Ireland Evicts 100s of Homeless Families to ‘Clear the Way’ for Pope Visit

Ireland Evicts 100s of Homeless Families to ‘Clear the Way’ for Pope Visit

The Pontiff’s visit to Dublin is could cause much misery and upset

More than 700 vulnerable homeless families in Dublin, Ireland, could face eviction from their much needed temporary accommodation in order to ‘clear the way’ for Pope Francis’s visit this August.

The Pontiff’s visit to Dublin is could cause much misery and upset as homeless families residing in Dublin’s commercial hotels will be forced onto the street to make way for Pope Francis’s followers who want a glimpse of their idol.

The ‘unchristian’ scenario has prompted Dublin Regional Homeless Executive (DRHE) to help stop families being made homeless by Pope
Francis’s visit.

The homeless charity said it would work to help families made homeless, but warned many will be sent outside the city.

According to RT: Homelessness campaigners rejected the DRHE’s claims that the influx would not impact those already installed in hotels in the city.

Speaking to Irish broadcaster Newstalk, Fr Peter McVerry warned that families could be forced to live in police stations over the period of the pope’s visit.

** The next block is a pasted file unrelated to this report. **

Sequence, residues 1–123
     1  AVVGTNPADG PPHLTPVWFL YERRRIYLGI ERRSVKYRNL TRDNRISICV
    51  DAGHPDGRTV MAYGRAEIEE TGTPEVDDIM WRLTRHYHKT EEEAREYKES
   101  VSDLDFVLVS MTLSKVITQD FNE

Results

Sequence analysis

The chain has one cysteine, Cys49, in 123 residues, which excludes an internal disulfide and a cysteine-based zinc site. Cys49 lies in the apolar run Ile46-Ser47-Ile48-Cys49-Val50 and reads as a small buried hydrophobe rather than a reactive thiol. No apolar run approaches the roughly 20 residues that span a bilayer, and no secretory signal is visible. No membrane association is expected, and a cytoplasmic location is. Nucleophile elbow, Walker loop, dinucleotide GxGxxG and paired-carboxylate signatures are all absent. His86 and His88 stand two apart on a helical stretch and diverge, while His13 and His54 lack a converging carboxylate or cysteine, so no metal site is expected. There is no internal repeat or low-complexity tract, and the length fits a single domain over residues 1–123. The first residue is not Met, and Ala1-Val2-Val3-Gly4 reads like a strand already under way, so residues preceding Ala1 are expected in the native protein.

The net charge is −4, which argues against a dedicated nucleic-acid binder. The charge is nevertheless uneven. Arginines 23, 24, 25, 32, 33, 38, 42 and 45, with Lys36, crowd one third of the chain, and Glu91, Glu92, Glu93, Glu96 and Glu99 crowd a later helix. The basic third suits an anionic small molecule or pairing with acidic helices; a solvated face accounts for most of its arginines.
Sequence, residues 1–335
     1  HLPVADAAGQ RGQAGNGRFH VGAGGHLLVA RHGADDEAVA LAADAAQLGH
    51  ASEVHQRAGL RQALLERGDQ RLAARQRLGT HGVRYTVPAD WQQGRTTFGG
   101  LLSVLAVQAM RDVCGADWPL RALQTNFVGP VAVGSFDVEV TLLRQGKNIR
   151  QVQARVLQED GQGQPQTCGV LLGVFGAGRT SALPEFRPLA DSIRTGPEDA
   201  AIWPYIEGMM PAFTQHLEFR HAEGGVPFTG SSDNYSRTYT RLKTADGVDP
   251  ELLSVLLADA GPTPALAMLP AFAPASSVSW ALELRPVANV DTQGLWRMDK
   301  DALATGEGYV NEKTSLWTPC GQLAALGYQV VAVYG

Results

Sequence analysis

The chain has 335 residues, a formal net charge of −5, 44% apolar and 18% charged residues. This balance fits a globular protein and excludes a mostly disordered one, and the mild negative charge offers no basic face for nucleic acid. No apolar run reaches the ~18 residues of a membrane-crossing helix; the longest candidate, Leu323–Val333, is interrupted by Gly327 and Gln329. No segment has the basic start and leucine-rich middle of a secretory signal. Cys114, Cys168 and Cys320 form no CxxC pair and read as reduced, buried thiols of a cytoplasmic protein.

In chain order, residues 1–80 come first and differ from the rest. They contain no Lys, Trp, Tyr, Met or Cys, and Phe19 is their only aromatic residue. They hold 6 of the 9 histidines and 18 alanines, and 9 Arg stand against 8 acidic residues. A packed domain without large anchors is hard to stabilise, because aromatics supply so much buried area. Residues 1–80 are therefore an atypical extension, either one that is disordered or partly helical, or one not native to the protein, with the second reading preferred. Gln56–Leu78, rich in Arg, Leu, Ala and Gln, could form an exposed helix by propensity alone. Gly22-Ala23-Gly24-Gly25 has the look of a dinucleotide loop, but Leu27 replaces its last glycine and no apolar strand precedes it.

“Families are regularly told that their room has been pre-booked for a concert or a football match and they’ll have to move out for four or five days, find someplace else and then they can move back,” McVerry said, according to The Irish Times.

“It’s going to be accentuated with the pope’s visit, you’re not going to get a hotel room within a 100 miles of Dublin.”

READ MORE: 4.2 Million Americans Abandon The Catholic Church In Protest Of Pope Francis

“It’s a frightening scenario, I can see families living in Garda (police) stations over that period.”

Ireland’s housing crisis has fueled rising homelessness in Dublin in recent times. In January, a report from Dublin City Council revealed that 758 families were being housed in commercial hotels in the Dublin region.

The report showed that in November last year, a total of 3,691 adults and 2,533 children accessed emergency accommodation around the capital.

The pope will visit Ireland in August.

The 36-hour jaunt will involve a trip to Catholic sites in Knock and a reception in Dublin’s 80,000-seater Croke Park stadium.

Last week Neon Nettle reported that Irish citizens were rising up against Pope Francis’s planned visit to Ireland for Mass in the Phoenix Park, so much so, one man claims he booked 800 tickets in protest, including several under the name “Jesus Christ.”

A Facebook page set up protesting the August visit of Pope Francis to Ireland is now encouraging people to book large numbers of free tickets, which will not be used, in order to create an extremely low turnout for the Pontiff.

‘Say Nope to the Pope’ Facebook event page shows that 1,000 people have clicked “attending” and another 4,000 marked themselves as “interested” on the social media platform.

Leave a Reply

Your email address will not be published.